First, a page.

Finally, I must thank the EthereumJ (Java client) volunteer developers Roman Mandeleil and Nick Savers, both of whom have visited us in our prototype hub here in Berlin, and who work tirelessly to find different and innovative new ways of interpreting the formal protocol specification.

The California Connection

Over in Silicon Valley, we have made two hires, Joseph Chow and Martin Becze; Joseph will be leading the efforts there and concentrating on developing some of our core Ðapps that will help demonstrate the potential of Ethereum. Martin is leading the effort to create a pure Javascript implementation of Ethereum, a lofty goal, and thus all the more impressive that the project now has a core that is compatible with PoC-6.

We are also looking forward to working with the Agreemint Foundation (ie. Mintchalk), with their effort to create an online contract development environment, to provide a simple and highly accessible interface for the beginner and intermediate level users to learn about contract development and create and deploy Web Three Ðapps.

In the future we hope to expand our operations there, particularly over January and February when Vitalik and I will be staying there, we in particular look forward to spending some time discussing the future of data sharing and online publication with Juan of IPFS and are optimistic about the possibility of finding some synergy between our projects.

On Go-ing Development

Though I’m sure Jeff will make his own post on the goings-on over at his Golang-orientated end, I will say that on a personal note I’m very happy that Alex van de Sande (aka avsa) has joined us on a permanent basis. Alex is well known on the Ethereum forums and his mockups of what Web Three could look like were simply incredible in insight, technical knowledge and polish. As an accomplished UI & UX engineer, he’ll be joining Jeff in taking Mist, the Web Three browser, forward and making it into what I am sure will simultaneously be the most revolutionary and pleasing to use piece of new software in a very long time.

So what’s happening in Berlin then?

When we arrived at first we needed somewhere to be based out of: thanks to Brian, we were invited to the Rainmaking Loft, an excellent space for tech startups that need somewhere to spread their rug prior to world domination. Since August we’ve had a nice big desk there for our developers to work alongside our inimitable location scout, hub outfitter, project manager and interior designer rolled into one; Sarah O’Neill.

Sarah has worked tirelessly in finding our perfect location, our perfect contractors and our perfect fixtures and fittings and making it actually work. Right now as I write this at 4am EEST, she’s probably up on eBay looking for a decent deal for office chairs or costing a well-placed dry wall. And what a job she has done thus far. We will be based in probably the most perfect place we could hope for. Walking distance to two U-bahn stations, we’re located on a quiet street adjacent to Oranienstraße and a central point of Kreuzberg. We’re a short cycle ride from the centre of Berlin’s mass and, in the opposite direction, from the beautiful canal and Neukölln. We have some lovely quiet bars and cafés on our sexy little street and the bustling new-tech area that is Kreuzberg at the end of it.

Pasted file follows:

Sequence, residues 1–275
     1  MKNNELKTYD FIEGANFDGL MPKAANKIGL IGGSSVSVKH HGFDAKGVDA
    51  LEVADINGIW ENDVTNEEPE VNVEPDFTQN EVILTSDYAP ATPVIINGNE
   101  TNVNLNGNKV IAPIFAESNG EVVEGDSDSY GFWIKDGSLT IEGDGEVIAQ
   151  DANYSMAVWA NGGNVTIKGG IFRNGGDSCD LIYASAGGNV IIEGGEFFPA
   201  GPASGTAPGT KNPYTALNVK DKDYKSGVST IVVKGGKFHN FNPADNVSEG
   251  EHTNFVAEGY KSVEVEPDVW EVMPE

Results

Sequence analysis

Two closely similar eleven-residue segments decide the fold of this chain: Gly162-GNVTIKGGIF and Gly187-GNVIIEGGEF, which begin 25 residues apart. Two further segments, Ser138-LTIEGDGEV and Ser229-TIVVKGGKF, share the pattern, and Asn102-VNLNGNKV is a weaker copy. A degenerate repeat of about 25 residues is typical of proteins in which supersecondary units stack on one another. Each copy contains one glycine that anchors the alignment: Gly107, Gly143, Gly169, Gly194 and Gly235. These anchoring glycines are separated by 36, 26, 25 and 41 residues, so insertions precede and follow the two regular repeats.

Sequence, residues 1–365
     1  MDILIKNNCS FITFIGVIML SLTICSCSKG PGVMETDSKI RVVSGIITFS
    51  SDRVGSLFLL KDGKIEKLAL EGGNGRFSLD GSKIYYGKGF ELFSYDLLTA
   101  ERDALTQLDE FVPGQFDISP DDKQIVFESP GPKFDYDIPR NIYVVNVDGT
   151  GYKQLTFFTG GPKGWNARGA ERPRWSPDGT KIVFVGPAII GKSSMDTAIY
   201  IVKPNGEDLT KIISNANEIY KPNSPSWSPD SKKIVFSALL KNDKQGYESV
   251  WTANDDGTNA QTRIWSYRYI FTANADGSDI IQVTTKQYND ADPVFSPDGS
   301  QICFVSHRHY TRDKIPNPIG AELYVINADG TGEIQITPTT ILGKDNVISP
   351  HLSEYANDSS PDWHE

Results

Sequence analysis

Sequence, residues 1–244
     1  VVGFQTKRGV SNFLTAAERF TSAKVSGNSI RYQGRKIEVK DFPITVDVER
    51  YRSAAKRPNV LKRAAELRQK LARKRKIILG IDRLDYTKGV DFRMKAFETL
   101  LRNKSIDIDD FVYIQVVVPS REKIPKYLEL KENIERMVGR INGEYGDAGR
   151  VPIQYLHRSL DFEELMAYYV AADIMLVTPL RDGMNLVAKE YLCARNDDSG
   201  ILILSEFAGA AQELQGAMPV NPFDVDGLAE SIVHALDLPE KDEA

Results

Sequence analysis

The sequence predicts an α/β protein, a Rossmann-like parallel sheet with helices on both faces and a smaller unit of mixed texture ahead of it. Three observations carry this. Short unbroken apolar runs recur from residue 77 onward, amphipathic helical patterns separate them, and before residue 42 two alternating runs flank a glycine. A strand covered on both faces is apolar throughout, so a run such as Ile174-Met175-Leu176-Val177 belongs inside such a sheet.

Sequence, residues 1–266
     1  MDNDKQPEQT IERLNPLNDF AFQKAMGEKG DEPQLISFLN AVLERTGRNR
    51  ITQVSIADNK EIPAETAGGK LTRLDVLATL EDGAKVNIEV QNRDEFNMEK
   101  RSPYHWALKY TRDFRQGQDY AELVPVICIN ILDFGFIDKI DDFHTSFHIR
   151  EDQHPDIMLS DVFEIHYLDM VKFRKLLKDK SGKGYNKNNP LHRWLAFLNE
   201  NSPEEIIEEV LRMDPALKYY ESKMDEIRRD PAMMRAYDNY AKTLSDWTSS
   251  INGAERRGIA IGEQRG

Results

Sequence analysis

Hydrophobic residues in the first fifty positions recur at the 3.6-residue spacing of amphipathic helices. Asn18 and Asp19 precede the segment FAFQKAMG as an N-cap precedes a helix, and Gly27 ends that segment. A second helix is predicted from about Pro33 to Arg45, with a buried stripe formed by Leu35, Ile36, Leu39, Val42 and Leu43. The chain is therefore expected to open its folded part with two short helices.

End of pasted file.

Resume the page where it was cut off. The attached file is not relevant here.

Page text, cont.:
Our new hub, designed and outfitted by her will be a 250m² cross of office, homely relaxation environment and (self-service) café—a new (and German-building-law-friendly) twist on the notion of the holon. We’ll be able to host meetups and events, have a great area for working and have ample collaboration space for any other Ethereum-aligned operations that would prefer not to pay coffee-tax for their power & wifi.

Not to be forgotten, helping Aeron and me with administration, procurements and organisation, not to mention general German-speaking tasks, Lisa Ottosson has been invaluable during this period.

And what have we been doing?

Since beginning, ÐΞV’s time has inevitably been wast^H^H^H^H spent wisely in bureaucracy, administration and red tape. It is impressive how much of a pain doing business in a perfectly well developed nation like Germany can be. Slowly (and thanks in no small part to Aeron) this tediousness is starting to let up. When not engaged in such matters, we’ve been pressing to get our most recent proof-of-concept releases out, PoC-5 and PoC-6. PoC-5 brought with it a number of important alterations to the Ethereum virtual machine and the core protocol. PoC-6 brought a 4-second block time (this is just for stress-testing; for the mainet we’re aiming for a 10 second block time) and wonderfully fast parallel block-chain downloading. Furthermore we’ve been talking with various potential technology partners concerning the future of Swarm, our data distribution system, including with our good friend Juan Batiz-Benet (Vitalik & I got to know him while staying at his house in Silicon Valley for a week back in March).

Speaking at a few meetings and conferences has taken time also. In my case, the keynote speaker at both Inside Bitcoin and Latin America’s popular tech-fest Campus Party was an honour, as was the invitation to address the main hall at the wonderful University San Francisco of Quito. I hesitate to imagine the number of such engagements Vitalik has done during the same time period.